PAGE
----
Vet360, December 2016 - Page 28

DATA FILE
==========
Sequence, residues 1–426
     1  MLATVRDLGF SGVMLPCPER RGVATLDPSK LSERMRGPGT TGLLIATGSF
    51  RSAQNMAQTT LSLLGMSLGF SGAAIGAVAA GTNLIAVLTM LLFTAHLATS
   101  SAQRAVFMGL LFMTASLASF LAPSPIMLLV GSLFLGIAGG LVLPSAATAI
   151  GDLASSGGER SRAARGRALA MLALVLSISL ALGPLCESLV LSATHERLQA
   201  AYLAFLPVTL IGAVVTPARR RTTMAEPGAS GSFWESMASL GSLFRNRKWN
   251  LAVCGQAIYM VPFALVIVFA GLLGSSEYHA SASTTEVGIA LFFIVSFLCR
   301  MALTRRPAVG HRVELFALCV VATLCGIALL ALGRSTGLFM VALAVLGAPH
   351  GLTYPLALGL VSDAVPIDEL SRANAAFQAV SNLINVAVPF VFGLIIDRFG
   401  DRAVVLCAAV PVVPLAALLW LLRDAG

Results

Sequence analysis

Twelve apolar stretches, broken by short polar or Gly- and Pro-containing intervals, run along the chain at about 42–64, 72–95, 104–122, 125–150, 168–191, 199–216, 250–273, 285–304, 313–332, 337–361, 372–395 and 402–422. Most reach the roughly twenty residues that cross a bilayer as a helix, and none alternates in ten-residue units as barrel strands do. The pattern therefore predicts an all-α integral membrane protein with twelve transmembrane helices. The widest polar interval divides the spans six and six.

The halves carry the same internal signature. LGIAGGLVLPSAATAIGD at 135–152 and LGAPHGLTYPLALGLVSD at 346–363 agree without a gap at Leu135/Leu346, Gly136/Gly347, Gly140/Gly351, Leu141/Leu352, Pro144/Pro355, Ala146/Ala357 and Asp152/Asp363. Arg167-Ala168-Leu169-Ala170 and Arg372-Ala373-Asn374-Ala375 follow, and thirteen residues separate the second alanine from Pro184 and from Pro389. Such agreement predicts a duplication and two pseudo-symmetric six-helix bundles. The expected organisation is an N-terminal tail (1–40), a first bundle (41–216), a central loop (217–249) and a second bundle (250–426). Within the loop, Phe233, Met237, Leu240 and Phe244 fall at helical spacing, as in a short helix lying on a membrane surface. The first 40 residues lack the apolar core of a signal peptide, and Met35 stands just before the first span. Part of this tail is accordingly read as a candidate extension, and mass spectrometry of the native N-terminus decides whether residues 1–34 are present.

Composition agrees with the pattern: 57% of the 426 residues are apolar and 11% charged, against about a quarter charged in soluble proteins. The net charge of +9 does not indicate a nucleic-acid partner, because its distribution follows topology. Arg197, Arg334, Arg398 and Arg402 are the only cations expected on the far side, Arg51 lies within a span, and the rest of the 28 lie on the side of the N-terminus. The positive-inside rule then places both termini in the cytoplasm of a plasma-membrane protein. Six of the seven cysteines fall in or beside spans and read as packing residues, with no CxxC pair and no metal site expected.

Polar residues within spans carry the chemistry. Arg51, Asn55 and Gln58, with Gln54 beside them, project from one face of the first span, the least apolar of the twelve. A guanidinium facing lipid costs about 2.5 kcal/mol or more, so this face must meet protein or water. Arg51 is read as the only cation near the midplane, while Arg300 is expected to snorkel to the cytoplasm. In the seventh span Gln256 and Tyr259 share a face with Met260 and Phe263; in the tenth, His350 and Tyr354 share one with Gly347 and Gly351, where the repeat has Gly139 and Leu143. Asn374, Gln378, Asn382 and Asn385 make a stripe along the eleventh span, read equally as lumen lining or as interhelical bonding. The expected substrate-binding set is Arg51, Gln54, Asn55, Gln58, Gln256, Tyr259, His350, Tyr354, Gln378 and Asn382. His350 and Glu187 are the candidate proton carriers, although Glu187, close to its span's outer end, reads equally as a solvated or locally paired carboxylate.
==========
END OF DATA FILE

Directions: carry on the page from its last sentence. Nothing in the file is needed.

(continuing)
CPD ACCREDITED ARTICLE Article sponsored by Petcam® Patients with GDV progress through different degrees of shock that need to be recognised during the patient evaluation. Animals early in the syndrome present with clinical signs similar to those of hypovolaemic shock because most of their blood volume is restricted in the caudal vena cava and the portal vein. Thus, animals will exhibit: • Tachycardia and tachypnoea with normal femoral pulses • Slow capillary refill times • Pale mucous membranes • Cold extremities. With progression of the syndrome, patients will go into endotoxaemic shock and will experience: • Tachycardia and tachypnoea with weak femoral pulses • Injected mucous membranes • Fever • Slow capillary refill times. Finally, patients will decompensate and exhibit: • Severe hypotension • Bradycardia • Hypothermia • White mucous membranes • Cold extremities. Laboratory findings Early on in the disease progression, complete blood count results often reveal a stress leukogram with neutrophilic leukocytosis and lymphopenia. Serum chemistry profile results may show evidence of hepatocellular damage and cholestasis with increased alanine transaminase activity and total bilirubin concentration and azotemia. Hypokalaemia may also be present. Lactate is produced as a byproduct of anaerobic metabolism and has been shown to be elevated in animals with GDV.17,18 In one study, a lactate concentration < 6.4 mmol/L at presentation, a decrease of lactate of 4 mmol/L or more after fluid treatment and decompression, or a decrease in lactate of > 42.5% of the original value after fluid treatment and decompression was associated closely with survival.18 Radiography Radiography can help to differentiate between gastric dilatation and GDV. If radiography is necessary to determine the diagnosis, do not perform it until the patient is stable. Since the pylorus is displaced on the left side of the abdominal cavity in a dorsocranial position to the fundus, right lateral recumbency radiography is required to be vet360 Issue 06 | DECEMBER 2016 | 28 Fig 1. A lateral radiograph of a dog in right lateral recumbency. The double bubble image (boxing glove) of the stomach is characteristic of GDV. able to obtain the diagnostic double bubble image (Figure 1). The two bubbles are caused by the accumulation of air in the pylorus and the fundus. Free gas is present and may be seen in the abdomen when the stomach has ruptured. If gastric dilatation is present without volvulus, radiographs show a dilated stomach with dilated loops of jejunum. Emergency Treatment Emergency medical treatment of hypovolaemic shock and gastric decompression is required before surgically treating GDV. Treating shock Place venous catheters of the largest gauge possible in the cephalic veins or jugular vein to deliver shock doses (90 ml/kg) of intravenous fluid. Deliver isotonic fluids in increments of one-fourth of the shock dose, and evaluate the patient's response after each one-fourth bolus. Adjust the rate and volume of fluids administered according to the assessment of several clinical parameters: heart rate, pulse, mucous membrane color, capillary refill time, and central venous pressure. Colloids at a dose of 4 ml/kg are recommended during hypovolaemic shock treatment.19 Blood gas and electrolyte evaluations are required before acid-base and electrolyte imbalance corrections are attempted. A dog presented with a GDV can be either alkalotic or acidotic, hypokalaemic or normokalaemic.14 Gastric decompression Gastric decompression is attempted first with an orogastric tube after initiating fluid therapy. The amount of gastric distention, the patient's level of compliance, and the degree of volvulus are factors that contribute to the ability to pass the tube. The difficulties or easiness of passing the tube does not have a diagnostic value for the